Long-term stock investors do their best to build up enough of a nest egg to live well during retirement. Yet when they finally reach retirement, many investors find that they have more than enough money from other sources. As a result, they often aren't in any hurry to take withdrawals from their retirement accounts -- especially since they have to pay taxes on those withdrawals.

Nevertheless, the IRS puts strict time limits on how long you can wait before taking out your money. Most of the time, that forces investors over age 70 1/2 to begin making withdrawals, or else they'll face huge penalties. But this year, the stock market crash may prompt the government to give some retirees a break from those mandatory distributions, although that's far from a sure thing at this point.

The benefits of tax deferral
If you're a well-to-do retiree, saving on taxes is extremely appealing. When you combine any pension income you may have, Social Security, and your income from investments, you may find yourself with larger tax bills than you ever expected you'd have. IRAs, 401(k)s, and other tax-favored accounts give you valuable tax deferral, giving you a chance to manage at least some of your tax liability.

Yet all good things must come to an end, and the tax benefit of retirement accounts is no exception. Once you turn 70 1/2, the IRS makes you start taking money out of these tax-favored accounts. Those withdrawals, which are known as required minimum distributions (RMDs), count as taxable income, and you'll pay income tax at your regular rate on them.

What's different this year?
The market's plunge has caused a controversy about RMDs. Here's the rub: The RMD amount is calculated as a percentage of your total account balance at the end of the previous year. That percentage is based on your life expectancy -- so roughly speaking, if the IRS tables indicate that you have a life expectancy of 20 years, you'll have to take out 1/20 or 5% of your account assets sometime before Dec. 31.

With the S&P having fallen nearly 50% for the year before Friday's big bounce, retirees who waited until the last minute to take their RMDs were put in a difficult position. Because many have lost a huge portion of their retirement savings, the amount of their RMD suddenly represents a much larger percentage of their total savings.

To put this in perspective, consider a simple example. Say you own 1,000 shares of seven different stocks:

Company

Value of 1,000 Shares on Dec. 31, 2007

Current Value of 1,000 Shares

Agrium (NYSE:AGU)

$72,170

$26,470

Mindray Medical (NYSE:MR)

$42,690

$14,800

Nasdaq OMX (NASDAQ:NDAQ)

$49,490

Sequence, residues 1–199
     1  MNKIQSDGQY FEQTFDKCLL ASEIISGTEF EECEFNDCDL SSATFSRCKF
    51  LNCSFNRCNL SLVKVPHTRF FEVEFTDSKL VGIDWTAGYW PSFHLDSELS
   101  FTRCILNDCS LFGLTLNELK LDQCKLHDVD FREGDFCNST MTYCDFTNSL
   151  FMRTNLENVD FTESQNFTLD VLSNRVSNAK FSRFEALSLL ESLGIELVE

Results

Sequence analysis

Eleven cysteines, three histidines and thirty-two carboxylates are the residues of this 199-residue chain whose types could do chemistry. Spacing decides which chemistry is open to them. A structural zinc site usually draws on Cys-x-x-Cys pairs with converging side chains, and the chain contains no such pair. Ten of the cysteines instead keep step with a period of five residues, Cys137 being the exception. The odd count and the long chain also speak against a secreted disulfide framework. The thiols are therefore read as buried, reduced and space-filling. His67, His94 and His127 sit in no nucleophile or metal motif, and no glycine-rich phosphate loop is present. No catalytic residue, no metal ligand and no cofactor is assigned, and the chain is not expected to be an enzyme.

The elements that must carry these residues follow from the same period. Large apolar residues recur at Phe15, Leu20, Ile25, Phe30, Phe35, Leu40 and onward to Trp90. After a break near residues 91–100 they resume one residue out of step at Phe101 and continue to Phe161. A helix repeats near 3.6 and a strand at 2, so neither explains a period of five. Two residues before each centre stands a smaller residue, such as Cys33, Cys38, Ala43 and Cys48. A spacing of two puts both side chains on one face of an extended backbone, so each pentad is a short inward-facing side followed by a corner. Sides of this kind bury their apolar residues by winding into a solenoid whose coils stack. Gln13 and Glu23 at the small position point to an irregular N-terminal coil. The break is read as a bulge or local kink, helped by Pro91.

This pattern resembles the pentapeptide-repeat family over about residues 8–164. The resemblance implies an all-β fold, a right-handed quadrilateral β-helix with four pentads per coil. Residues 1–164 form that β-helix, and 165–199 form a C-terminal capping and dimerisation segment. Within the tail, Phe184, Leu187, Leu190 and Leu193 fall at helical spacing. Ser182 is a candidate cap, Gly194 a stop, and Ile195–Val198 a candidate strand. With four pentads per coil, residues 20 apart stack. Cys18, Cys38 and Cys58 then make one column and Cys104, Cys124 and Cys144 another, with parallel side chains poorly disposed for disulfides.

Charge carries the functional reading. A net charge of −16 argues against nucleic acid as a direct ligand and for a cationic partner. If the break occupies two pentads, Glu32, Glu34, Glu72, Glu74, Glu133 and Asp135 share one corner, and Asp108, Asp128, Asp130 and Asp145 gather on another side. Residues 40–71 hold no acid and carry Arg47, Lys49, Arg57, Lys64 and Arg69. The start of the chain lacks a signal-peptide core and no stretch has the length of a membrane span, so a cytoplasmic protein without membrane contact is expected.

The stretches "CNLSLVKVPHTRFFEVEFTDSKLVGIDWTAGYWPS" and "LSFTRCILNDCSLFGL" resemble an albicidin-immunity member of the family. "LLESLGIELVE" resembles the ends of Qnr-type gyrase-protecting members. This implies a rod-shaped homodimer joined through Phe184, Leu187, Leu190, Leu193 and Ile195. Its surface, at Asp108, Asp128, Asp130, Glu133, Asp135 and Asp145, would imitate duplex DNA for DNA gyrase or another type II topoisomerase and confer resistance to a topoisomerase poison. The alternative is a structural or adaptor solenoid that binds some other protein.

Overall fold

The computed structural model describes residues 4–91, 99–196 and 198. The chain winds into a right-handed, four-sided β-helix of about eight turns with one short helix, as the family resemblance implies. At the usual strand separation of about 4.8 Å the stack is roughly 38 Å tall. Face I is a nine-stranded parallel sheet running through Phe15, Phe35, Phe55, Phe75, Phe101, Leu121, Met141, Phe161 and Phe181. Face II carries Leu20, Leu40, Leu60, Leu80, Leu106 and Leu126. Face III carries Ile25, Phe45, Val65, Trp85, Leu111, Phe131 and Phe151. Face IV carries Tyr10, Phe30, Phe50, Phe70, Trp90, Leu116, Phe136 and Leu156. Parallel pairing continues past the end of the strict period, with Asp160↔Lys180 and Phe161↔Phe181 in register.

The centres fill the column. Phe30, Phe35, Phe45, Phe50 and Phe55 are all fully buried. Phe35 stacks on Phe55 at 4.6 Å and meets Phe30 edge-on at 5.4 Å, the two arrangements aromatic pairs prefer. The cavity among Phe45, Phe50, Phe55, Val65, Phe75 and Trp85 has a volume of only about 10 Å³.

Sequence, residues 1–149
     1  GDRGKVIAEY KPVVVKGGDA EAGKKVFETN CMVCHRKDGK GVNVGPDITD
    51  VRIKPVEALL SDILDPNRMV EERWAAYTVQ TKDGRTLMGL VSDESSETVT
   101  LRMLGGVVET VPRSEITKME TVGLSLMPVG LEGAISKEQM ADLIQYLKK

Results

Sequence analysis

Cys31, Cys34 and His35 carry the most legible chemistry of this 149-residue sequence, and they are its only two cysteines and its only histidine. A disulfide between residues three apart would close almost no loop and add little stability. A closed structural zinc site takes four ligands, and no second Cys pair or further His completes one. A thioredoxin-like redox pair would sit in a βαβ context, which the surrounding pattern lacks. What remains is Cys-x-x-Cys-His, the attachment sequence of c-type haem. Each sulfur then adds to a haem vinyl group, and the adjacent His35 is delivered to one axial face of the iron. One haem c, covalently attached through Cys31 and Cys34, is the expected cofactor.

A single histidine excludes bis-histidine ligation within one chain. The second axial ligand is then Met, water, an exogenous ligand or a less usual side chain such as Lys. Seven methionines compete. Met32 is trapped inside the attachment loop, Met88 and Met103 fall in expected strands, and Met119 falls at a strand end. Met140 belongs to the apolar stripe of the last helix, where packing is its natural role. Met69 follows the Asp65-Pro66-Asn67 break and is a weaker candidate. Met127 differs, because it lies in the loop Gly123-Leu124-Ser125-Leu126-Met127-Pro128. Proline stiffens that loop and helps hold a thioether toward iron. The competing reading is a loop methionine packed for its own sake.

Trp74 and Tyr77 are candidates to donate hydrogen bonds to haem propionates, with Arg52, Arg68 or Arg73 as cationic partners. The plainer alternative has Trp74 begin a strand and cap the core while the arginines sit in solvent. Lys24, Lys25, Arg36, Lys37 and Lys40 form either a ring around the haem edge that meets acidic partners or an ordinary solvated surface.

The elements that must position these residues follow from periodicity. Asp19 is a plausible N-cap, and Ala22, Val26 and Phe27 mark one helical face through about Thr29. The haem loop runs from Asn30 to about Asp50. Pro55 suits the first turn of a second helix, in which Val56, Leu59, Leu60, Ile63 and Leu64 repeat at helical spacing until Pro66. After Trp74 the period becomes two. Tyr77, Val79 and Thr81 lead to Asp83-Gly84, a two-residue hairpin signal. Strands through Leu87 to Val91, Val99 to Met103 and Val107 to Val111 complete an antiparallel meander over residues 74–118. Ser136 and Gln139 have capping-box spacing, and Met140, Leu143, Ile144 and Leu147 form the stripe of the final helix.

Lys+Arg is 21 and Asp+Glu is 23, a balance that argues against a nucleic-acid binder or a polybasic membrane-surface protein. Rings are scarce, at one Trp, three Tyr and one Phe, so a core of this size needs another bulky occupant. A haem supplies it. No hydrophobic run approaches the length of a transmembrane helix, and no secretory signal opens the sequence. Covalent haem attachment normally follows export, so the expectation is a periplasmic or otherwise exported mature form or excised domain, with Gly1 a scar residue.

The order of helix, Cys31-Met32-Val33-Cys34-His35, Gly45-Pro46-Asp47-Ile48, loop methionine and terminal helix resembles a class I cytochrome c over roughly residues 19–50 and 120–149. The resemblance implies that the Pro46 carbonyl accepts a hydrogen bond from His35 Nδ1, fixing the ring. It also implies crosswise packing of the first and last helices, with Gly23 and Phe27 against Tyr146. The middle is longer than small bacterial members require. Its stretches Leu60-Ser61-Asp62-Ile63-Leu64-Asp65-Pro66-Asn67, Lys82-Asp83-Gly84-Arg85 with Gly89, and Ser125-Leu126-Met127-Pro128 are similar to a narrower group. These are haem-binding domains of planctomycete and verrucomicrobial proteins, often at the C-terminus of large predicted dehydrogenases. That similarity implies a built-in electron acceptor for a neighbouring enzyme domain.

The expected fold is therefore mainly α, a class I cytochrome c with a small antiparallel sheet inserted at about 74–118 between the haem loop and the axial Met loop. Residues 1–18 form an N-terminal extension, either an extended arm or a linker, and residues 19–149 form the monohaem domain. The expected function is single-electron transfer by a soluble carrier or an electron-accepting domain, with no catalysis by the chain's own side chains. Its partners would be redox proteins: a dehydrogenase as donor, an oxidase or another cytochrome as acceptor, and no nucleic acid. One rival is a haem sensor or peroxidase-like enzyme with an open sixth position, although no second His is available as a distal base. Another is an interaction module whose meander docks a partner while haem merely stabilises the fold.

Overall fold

$16,840

Petroleo Brasileiro (NYSE:PBR)

$57,500

$17,400

Transocean (NYSE:RIG)

$143,150

$57,080

UnitedHealth Group (NYSE:UNH)

$58,150

$17,150

Dow Chemical (NYSE:DOW)

$38,080

$17,380

Total Value:

$461,230

$167,120

Source: Yahoo Finance. Current values as of Nov. 21.

As you can see, falling share values caused this portfolio to lose more than 60% of its value.

If you're age 78, the factor you use to determine your RMD is 20.3, meaning you'd have to withdraw about 4.9% (1 divided by 20.3) of your account balance. But because you have to use the Dec. 31 balance, the RMD amounts to $22,721 -- which is a much higher 13.6% of your portfolio's current value.

Many are upset at the prospect of having to sell a huge portion of their assets at market lows to cover their RMDs. That's led to a push among some to suspend the rule for 2008.

The fix
The possibility of suspending the RMD rule has put tax planning in limbo for those who haven't already taken their distributions. Time is running out, but at the same time, you don't want to add to your taxes unnecessarily if the rule gets changed.

The silly thing, though, is that the premise behind suspending the rule just isn't true. Even if you liquidate assets to make an RMD, you can just use the proceeds to buy back the exact same assets in a taxable account immediately thereafter. So if you think the market will rebound, you can just invest your withdrawal in the same stocks or funds you owned in your IRA.

Nevertheless, if you haven't made a withdrawal yet, you may want to wait a while longer. If lawmakers give retirees a free pass this year, taking advantage will let you put off taxes on that money for at least another year. With all the losses investors have seen this year, any way to reduce expenses is a good thing.

Here's more about finding the silver lining in a bad market:

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Fool contributor Dan Caplinger always tries to save on taxes. He doesn't own shares of the stocks mentioned in this article. Petroleo Brasileiro and Dow Chemical are Motley Fool Income Investor selections. UnitedHealth Group and Nasdaq OMX Group are Motley Fool Inside Value recommendations. Mindray Medical is a Motley Fool Rule Breakers selection. UnitedHealth Group is a Motley Fool Stock Advisor pick. The Fool owns shares of UnitedHealth Group and Mindray Medical. Try any of our Foolish newsletters today, free for 30 days. The Fool's disclosure policy is never taxing.